The right-leaning NC Values Coalition also applauded the legislators' decision to separate the budget from the legalization of casinos.
"NC Values Coalition is pleased that legalization of casinos and video lottery terminals is no longer a threat to funding for pregnancy care centers or Universal Opportunity Scholarships in the budget, and we thank lawmakers who stood against predatory gambling," said NCVC Executive Director Tami Fitzgerald, who added that "predatory gambling erodes the social fabric of communities and hurts families, especially the poor."
Moore and Berger said details of the final two-year spending plan would now be released on Wednesday, with floor votes on Thursday and Friday. They both anticipated full Republican support for the budget bill, with Moore expecting Democratic votes as well.
Republicans hold narrow veto-proof majorities in both chambers. The final budget, however, will carry many right-leaning provisions that Cooper and many Democrats will find difficult to swallow.
A state budget was supposed to be in place when the new fiscal year began on July 1, but negotiations slowed during the summer because of the extent of income tax rate reductions and how to distribute billions of dollars for initiatives and programs.
North Carolina already has three casinos operated by the Eastern Band of Cherokee Indians and the Catawba Indian Nation. The gambling proposal would have created "rural tourism districts" where gambling venues and other developments could have occurred.
While legislators have said three casinos could have been built in Anson, Nash and Rockingham counties, the language allowed other options. A fourth could have been operated by the Lumbee tribe.
Developers would have agreed at each location to generate at least 1,750 jobs and $500 million in private investment. Operators of video gambling machines envisioned in the proposal as being legalized statewide would have been licensed by the state lottery commission.
Fiscal analyses by General Assembly staff estimated the state coffers would have benefitted by several hundred million dollars annually.
Berger, who is from Rockingham County, has been among the most consistent and vocal supporters of the rural casino districts, citing the success of a casino in nearby Danville, Virginia.
"That money being spent in Virginia is still largely coming from North Carolina and will continue to do so," Berger said.
During Tuesday's news conference, Berger said people who talk up the need to improve rural economies opposed an effort that would have created more than 5,000 good-paying jobs and increased local tax bases.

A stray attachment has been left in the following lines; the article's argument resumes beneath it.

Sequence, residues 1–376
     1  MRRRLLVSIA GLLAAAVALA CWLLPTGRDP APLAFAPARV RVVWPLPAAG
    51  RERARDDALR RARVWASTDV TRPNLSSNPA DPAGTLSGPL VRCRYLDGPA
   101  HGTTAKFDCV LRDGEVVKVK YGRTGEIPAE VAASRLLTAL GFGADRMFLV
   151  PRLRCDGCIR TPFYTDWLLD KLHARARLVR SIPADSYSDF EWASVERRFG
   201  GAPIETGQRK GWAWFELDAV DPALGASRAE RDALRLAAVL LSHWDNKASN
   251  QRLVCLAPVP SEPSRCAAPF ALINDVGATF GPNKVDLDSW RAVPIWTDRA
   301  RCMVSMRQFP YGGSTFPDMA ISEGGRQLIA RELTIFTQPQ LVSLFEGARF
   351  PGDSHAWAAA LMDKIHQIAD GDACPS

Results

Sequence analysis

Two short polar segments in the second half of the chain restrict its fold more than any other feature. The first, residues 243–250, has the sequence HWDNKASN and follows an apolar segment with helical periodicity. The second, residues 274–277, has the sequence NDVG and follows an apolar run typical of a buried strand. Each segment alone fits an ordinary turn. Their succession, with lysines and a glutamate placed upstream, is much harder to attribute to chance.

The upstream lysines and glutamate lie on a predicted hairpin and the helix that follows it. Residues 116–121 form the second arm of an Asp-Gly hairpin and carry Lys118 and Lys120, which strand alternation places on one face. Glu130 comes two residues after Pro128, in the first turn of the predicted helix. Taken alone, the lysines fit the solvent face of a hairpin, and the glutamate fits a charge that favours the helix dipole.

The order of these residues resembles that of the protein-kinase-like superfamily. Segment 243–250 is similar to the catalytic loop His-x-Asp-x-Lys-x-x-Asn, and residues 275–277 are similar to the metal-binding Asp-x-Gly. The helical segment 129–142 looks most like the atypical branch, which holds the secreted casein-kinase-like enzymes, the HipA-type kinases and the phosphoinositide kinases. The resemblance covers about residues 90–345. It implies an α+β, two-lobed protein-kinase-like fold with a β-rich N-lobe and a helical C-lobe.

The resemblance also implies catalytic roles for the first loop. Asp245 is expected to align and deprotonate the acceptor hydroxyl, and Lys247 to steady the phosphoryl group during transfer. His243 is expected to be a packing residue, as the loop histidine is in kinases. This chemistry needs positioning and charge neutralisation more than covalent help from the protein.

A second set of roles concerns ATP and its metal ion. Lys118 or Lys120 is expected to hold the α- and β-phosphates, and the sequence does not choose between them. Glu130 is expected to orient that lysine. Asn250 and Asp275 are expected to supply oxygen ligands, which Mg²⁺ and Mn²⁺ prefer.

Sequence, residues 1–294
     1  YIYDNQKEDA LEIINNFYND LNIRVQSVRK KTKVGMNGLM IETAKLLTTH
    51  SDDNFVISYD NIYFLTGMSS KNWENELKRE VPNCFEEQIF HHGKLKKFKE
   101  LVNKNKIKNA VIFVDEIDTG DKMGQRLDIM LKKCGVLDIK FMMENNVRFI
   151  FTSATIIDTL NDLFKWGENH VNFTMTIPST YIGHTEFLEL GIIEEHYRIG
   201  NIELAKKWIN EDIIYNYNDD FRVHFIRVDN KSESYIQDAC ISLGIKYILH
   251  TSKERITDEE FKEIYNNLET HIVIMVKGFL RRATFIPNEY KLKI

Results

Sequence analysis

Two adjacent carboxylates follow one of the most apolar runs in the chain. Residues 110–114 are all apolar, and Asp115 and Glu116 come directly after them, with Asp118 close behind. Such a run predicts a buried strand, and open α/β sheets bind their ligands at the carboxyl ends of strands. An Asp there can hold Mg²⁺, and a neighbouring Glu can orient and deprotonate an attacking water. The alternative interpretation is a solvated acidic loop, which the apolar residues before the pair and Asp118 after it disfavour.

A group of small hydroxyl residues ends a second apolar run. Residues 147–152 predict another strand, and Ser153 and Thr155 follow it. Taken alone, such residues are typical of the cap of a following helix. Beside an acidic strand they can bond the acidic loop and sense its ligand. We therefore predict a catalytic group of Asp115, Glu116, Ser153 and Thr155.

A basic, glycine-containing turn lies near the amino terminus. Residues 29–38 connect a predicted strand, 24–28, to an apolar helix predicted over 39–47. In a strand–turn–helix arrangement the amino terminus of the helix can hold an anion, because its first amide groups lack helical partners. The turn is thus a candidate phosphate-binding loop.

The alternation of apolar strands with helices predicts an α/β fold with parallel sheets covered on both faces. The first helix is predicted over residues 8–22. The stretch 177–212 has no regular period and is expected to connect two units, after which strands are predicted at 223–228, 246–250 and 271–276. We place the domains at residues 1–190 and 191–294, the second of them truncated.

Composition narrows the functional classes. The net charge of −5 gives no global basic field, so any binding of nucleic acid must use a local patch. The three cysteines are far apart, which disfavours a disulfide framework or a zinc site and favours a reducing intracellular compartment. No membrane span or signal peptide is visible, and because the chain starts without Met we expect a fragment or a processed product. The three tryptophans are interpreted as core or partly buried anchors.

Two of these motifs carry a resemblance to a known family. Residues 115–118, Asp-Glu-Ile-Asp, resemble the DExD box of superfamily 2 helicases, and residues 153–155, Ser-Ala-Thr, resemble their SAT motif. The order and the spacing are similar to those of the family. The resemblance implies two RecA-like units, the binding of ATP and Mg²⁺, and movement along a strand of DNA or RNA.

"When we have a proposal that would create over 5,000 jobs, good paying jobs, increased tax base in rural NC, these same folks come out adamantly opposed to it," Berger said. "It was just pretty clear that the facts were almost beside the point as to what those proposals would do for rural areas," Berger said. "I've learned that in an environment like that, you're unlikely to make any progress."
The individual income tax rate would drop from the current 4.75% to 3.99% by 2026, rather than the 2027 date currently in state law. And it could drop as low as 2.49% in the years after if revenue collection thresholds are met.
The program giving taxpayer-funded scholarships to children in low- and middle-income families to attend private schools would now be available to all families with K-12 students.
Rank-and-file state employees would get a 4% raise this year and a 3% raise next year, while average teacher salaries would grow by at least 7% over two years. The plan also sets aside $2 billion for 200 water and wastewater infrastructure projects.
That change is something Mitch Kokai, a political analyst with the conservative John Locke Foundation, said he believes will greatly benefit North Carolina's ability to bring more business into the state.
"There are some companies that in years past -- prior to say 2011 -- would look at North Carolina, they look at the top individual income tax rate and just say, 'no, it's too high. We're not even going to move them on to the second stage of discussions.' We're now at a point where our individual income tax rate is very competitive," he said.
However, Alexandra Sirota with the nonprofit NC Budget & Tax Center said that type of tax cut more greatly helps the highest earners in the state.
"Reducing income taxes doesn't address the underlying issues, because so many families pay the majority of their taxes through the sales tax. When we focus only on the income tax, we're really missing what is a huge load that working people are carrying across the state," she said.
Democratic Rep. Laura Budd of Mecklenburg County said this budget process should have been straightforward.
"It took a massive outcry from the public protesting their deceitful behavior to begin to think about doing the right thing," Budd said.
The Associated Press contributed.